Range of Motion/ Strength[edit | edit source]
Mr. L’s AROM has improved significantly since his first visit, as noted in the table above, in shoulder flexion and abduction. His short-term goals were focused on improving right shoulder flexion and right shoulder abduction. Right shoulder flexion and abduction improved from 65 deg to 105 deg and 110 deg to 155 deg, respectively. Mr. L reports that treatment sessions using AAROM and PROM have been very helpful in improving his ROM and decreasing tone in his R extremities. Also, he has learned the importance of ROM maintenance and preventing joint contractures. Mr. L also reports that overall, he feels a bit stronger than how he originally felt on initial assessment, showed by an improvement in his global manual muscle testing improving from 4/5 to 4+/5. He reports that resistance training three times per week has helped him gain strength overall.
Mobility[edit | edit source]
During initial assessment, Mr. L’s functional status was independent with no gait aid, able to ambulate approximately 200m before fatiguing and requiring use of a rollator walker or assist X1. After 12 weeks, Mr. L had an improvement in his TUG from a score of 19 at initial assessment to 14 during reassessment. Despite his improvement, Mr. L is still at an increased risk of fall according to standardized TUG scores. By the end of 12 weeks, Mr. L was able to ambulate 400m using a quad cane before feeling too unsafe to continue or needing assistance. This was achieved by gait re-training using the quad cane in physiotherapy treatment. Mr. L was also able to ascend one flight of stairs (14 steps) with the use of railing without feeling unsafe as shown in the increase in his ABC score.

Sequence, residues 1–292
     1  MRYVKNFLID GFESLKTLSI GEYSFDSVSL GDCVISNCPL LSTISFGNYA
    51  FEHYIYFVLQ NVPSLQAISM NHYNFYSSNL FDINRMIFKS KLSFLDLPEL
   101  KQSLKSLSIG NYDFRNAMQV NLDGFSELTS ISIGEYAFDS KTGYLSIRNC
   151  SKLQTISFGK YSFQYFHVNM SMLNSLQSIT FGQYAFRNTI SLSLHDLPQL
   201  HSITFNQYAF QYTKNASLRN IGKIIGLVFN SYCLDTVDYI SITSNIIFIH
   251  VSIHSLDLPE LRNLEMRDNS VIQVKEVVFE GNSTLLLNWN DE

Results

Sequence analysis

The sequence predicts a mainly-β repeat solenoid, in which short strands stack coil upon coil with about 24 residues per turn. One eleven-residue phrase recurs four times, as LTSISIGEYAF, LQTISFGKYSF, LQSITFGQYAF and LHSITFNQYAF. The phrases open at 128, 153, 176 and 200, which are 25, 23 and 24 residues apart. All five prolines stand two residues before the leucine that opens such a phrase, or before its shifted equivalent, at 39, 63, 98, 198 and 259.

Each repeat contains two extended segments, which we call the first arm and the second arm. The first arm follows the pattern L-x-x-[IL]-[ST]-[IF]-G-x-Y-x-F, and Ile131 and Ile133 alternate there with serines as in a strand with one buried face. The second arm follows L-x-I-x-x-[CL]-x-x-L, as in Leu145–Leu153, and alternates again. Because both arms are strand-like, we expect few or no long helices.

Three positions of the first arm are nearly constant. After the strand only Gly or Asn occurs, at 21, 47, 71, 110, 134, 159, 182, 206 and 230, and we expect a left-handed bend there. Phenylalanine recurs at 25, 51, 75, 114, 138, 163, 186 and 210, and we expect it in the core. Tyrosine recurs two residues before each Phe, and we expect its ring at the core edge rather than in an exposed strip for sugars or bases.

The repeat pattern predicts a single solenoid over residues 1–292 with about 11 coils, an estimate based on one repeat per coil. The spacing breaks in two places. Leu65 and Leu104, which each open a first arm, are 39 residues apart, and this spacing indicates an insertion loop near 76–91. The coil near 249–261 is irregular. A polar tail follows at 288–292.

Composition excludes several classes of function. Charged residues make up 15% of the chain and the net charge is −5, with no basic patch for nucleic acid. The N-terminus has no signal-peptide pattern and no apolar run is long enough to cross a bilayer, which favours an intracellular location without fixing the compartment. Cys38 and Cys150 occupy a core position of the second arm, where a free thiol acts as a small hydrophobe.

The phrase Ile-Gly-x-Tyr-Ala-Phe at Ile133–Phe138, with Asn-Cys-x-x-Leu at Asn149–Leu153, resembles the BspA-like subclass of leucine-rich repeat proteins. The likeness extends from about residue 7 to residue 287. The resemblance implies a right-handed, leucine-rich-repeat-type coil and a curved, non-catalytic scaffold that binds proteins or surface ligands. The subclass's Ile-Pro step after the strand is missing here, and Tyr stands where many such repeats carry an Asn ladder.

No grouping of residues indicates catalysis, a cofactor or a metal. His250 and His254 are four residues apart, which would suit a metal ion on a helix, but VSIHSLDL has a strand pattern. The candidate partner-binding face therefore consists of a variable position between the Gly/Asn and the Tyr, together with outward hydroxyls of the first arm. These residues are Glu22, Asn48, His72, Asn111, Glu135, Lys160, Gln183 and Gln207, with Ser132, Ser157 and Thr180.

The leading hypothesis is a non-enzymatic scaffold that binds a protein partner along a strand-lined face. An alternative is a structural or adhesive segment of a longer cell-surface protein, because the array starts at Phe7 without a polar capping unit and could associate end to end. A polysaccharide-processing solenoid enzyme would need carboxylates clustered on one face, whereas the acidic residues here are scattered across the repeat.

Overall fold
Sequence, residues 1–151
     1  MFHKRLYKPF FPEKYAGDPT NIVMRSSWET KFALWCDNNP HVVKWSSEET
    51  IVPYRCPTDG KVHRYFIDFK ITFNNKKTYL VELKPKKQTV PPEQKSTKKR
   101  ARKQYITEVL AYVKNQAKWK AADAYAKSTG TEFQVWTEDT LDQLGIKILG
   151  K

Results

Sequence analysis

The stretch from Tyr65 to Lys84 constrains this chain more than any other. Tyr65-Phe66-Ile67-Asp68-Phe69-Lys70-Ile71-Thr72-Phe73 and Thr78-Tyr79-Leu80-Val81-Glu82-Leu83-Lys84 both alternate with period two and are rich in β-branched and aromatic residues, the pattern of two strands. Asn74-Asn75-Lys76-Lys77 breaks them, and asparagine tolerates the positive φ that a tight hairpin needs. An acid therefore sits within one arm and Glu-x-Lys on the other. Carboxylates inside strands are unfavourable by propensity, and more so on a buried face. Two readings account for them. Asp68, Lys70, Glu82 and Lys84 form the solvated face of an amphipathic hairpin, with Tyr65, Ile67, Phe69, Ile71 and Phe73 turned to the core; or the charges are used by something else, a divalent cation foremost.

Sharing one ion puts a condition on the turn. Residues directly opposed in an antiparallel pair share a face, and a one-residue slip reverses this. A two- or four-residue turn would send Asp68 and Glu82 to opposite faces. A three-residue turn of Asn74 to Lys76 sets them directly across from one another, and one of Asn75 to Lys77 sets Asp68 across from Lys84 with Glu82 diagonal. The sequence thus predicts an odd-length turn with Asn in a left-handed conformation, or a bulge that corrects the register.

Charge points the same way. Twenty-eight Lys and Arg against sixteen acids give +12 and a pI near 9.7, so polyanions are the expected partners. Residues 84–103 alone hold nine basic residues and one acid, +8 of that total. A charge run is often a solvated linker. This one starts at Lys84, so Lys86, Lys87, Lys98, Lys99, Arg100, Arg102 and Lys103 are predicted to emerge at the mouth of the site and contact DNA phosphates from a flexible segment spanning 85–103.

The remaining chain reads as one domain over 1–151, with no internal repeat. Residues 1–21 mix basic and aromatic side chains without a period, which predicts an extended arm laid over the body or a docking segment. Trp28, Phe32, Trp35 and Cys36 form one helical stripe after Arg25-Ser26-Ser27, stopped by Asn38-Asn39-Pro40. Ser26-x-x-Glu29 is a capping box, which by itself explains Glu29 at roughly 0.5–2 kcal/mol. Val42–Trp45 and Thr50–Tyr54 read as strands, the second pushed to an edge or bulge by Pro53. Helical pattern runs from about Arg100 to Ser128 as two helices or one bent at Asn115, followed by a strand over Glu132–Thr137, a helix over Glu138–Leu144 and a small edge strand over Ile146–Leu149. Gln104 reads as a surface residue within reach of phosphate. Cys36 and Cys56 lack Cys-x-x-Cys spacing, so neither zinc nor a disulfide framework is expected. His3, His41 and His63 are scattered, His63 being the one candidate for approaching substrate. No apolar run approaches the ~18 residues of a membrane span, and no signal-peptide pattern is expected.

Balance[edit | edit source]
Mr. L states that he feels much more confident with his balance overall, this is shown by the improvement in his ABC. Increases from his POMA scores after 12 weeks also show his improvement in his balance, his POMA score improved from 22/28 to 25/28. At initial assessment, Mr. L was unable to perform single leg stance (SLS), but after 6 weeks of physiotherapy interventions, he was able to perform it without any issues bilaterally. However, Mr. L still has some concerns regarding his balance that will continued to be monitored.
Neurogenic Bladder[edit | edit source]